BOISE -- The Boise River is expected to drop even more on Wednesday, bringing water back down closer to non-damaging flood stage, to a level we haven't seen since early March.
With that, you will likely start to see the reservoirs evening out, but remaining very full. The snowpack in the higher elevations is finally running out, so you are currently seeing flows through the Treasure Valley falling and the reservoirs maintaining space.
Water managers say the reservoir system may get a bit fuller as they cut outflows, but system inflows will be less than they have been recently.
As of late Tuesday evening, the Boise River was measured around 8,200 cubic feet per second (cfs). By 7 p.m. Wednesday night, the Army Corps of Engineers says the water should be reduced to about 7,200 cfs. They will be reducing water out of Lucky Peak in two increments throughout the morning.
After rushing above flood stage for months, water managers say they are hopefully getting the river back into its banks in a few days. The Boise River and all of us downstream from the dams will be getting some relief thanks to less runoff in the mountains and a drop in stream flows into the Boise River reservoir system (Anderson Ranch, Arrowrock, Lucky Peak).
"Most of the snow has gone, melted in just high elevation snowpack. The last few days we've been actually increasing the amount of space in the reservoir system," Bureau of Reclamation water operations manager, Brian Sauer, said.
As of Tuesday night, the Boise River reservoir system was at 96 percent capacity with about 40,000 acre-feet of the nearly 950,000 acre-feet available; most of that space is in Lucky Peak.
"That's the last line of defense, the lowest reservoir in the system," Army Corps of Engineers Walla Walla District's Hydrology and Hydraulics Branch Chief John Heitstuman told KTVB. "The only appreciable space remaining is in Lucky Peak and that's normal because you want the lowers reservoir in the system to have the most space."
Over the last few weeks, many KTVB viewers have been asking us why the Boise River was still so high while Lucky Peak wasn't at full capacity. The explanation is that water managers had to clear the way for the rest of the abundant, above-normal snowpack still left to melt.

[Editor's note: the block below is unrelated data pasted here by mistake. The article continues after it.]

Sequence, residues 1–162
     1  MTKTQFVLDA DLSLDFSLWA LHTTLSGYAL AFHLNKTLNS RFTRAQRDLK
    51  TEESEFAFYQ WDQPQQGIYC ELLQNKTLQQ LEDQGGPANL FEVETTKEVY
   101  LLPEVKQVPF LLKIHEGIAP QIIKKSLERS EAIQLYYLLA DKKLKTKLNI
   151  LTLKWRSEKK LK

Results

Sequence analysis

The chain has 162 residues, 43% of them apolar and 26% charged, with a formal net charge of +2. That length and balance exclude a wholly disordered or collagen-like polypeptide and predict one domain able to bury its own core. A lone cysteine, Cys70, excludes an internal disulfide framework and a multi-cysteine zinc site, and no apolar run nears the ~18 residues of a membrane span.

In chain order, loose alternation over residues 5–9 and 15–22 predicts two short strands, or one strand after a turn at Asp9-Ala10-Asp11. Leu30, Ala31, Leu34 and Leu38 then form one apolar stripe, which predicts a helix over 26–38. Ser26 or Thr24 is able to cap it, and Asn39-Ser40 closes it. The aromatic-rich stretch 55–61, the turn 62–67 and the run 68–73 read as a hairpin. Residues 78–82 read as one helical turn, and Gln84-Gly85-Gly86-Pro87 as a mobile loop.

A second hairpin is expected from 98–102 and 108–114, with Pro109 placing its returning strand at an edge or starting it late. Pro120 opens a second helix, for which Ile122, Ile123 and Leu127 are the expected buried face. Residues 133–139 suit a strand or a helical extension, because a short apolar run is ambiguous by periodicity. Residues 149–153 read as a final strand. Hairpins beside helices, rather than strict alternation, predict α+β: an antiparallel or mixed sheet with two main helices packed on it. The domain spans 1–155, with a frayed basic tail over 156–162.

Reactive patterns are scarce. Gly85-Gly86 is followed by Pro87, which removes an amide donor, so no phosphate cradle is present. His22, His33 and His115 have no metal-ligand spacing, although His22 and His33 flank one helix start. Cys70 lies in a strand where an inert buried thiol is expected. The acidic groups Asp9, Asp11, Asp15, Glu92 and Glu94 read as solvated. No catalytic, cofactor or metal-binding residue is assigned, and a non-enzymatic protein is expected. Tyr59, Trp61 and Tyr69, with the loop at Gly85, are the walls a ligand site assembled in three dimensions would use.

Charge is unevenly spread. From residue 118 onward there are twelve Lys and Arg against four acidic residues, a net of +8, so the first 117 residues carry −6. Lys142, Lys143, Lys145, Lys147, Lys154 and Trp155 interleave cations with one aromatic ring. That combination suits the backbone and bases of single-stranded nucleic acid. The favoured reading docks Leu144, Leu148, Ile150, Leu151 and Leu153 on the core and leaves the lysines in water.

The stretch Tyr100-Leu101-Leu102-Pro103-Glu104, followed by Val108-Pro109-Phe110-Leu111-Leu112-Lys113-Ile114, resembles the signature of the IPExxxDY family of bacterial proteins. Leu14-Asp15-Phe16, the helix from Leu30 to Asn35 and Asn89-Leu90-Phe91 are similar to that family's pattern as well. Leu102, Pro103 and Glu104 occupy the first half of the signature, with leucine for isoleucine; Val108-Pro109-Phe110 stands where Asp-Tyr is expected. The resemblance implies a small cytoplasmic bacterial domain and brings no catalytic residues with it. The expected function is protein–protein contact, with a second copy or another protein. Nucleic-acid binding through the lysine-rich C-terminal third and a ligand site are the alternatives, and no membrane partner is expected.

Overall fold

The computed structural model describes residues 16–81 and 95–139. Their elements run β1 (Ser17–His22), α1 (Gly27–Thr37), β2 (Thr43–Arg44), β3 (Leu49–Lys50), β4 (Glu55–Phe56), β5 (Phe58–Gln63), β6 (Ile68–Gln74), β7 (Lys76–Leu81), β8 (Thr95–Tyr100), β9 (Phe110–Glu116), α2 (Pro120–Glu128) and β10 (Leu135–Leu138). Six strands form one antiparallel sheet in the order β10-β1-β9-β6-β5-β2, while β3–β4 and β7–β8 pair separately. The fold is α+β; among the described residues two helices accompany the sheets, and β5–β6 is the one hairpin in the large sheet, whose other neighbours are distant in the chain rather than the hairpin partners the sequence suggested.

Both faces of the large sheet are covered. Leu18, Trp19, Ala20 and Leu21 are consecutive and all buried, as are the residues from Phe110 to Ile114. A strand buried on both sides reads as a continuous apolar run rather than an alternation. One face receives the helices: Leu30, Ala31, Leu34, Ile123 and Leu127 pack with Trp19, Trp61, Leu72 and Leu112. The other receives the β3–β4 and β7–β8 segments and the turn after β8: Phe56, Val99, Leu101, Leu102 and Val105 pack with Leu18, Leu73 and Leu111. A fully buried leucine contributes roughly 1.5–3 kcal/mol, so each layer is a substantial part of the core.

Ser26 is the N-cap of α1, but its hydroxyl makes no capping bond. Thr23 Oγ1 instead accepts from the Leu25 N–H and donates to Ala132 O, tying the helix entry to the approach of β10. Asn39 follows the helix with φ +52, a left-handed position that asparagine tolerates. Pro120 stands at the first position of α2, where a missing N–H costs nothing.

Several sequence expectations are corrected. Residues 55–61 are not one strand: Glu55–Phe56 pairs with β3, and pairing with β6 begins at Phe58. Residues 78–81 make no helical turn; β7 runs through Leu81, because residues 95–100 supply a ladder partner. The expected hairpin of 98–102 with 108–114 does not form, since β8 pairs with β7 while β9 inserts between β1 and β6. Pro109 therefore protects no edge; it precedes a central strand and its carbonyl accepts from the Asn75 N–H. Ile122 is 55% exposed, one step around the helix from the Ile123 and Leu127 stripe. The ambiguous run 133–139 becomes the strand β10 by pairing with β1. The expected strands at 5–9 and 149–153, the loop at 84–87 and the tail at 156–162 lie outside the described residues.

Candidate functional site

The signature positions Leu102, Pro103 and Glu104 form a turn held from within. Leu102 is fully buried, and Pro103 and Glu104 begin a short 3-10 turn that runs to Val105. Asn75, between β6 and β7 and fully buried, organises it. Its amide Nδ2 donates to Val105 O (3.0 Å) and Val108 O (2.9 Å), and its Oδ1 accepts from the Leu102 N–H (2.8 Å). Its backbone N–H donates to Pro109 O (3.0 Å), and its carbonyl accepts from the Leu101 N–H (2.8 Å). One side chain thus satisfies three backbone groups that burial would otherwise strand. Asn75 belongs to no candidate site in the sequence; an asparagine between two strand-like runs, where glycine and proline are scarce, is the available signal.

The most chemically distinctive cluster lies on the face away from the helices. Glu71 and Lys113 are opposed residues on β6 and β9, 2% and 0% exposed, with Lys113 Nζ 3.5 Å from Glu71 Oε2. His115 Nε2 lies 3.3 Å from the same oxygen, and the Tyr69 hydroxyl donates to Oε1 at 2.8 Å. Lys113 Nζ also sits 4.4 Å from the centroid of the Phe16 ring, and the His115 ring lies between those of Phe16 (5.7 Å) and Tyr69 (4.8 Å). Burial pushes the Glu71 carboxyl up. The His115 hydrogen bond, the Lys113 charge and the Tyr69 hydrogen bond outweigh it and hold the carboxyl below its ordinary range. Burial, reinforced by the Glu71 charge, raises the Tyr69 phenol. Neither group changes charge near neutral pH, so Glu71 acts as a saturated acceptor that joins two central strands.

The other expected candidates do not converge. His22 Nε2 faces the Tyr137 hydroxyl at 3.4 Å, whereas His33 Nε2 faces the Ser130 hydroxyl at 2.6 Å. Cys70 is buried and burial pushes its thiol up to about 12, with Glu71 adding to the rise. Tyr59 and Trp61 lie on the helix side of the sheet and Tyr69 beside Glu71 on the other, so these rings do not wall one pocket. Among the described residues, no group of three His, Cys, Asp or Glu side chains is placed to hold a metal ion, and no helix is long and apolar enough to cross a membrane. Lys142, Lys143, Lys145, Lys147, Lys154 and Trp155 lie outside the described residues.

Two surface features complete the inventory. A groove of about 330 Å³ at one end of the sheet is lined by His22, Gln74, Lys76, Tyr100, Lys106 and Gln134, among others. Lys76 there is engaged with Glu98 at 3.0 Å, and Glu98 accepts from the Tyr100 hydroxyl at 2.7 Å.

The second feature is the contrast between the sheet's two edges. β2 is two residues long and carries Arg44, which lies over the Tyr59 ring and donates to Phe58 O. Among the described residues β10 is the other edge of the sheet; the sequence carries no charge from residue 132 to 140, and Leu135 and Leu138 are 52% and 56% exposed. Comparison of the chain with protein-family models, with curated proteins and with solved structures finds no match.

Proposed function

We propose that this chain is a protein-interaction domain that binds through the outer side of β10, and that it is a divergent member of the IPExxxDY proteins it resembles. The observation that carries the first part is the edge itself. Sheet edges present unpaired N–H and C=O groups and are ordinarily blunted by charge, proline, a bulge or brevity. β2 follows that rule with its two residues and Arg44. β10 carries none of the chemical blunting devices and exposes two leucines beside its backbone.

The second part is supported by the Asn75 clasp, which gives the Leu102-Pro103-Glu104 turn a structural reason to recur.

"It's a timing thing really," Sauer added. "We knew that we were going to need the space in Lucky Peak eventually and we've used up a lot of that space."
"After we had the huge snowpack increase in February, we were playing catch-up most of the spring," Sauer said. "We did what we needed to do always keeping in mind we want to use the minimum amount of water flows and still keep everybody safe."
At this point, the Bureau of Reclamation says in partnership with the the Army Corps of Engineers, they are releasing more water than what is coming into the reservoir system (Boise River gage below Lucky Peak Dam is currently a little above 11,000 cfs.) But the New York Canal and other irrigation canals are taking quite a bit of water away from the river flows.
Soon, as we get below flood stage, water managers say levels will start to balance out, with Lucky Peak filling for recreation and Arrowrock and Anderson Ranch eventually topping off.
"We can always bring the water down from Arrowrock and Anderson Ranch into Lucky Peak. But once it's in Lucky Peak the only place for it to go is out," Sauer added.
Sauer says the dams are designed to fill under full control - when inflows are lower and when the Boise River gets out of flood stage.
He says we will probably see the river reach below flood stage sometime next week - which is 7,000 cfs. But water managers have to be cautious as they reduce flows; they can't take water away too quickly because over-saturated trees and eroding banks could fall into the river.
"The big reductions can only occur until we get down to flood stage," Heitstuman added.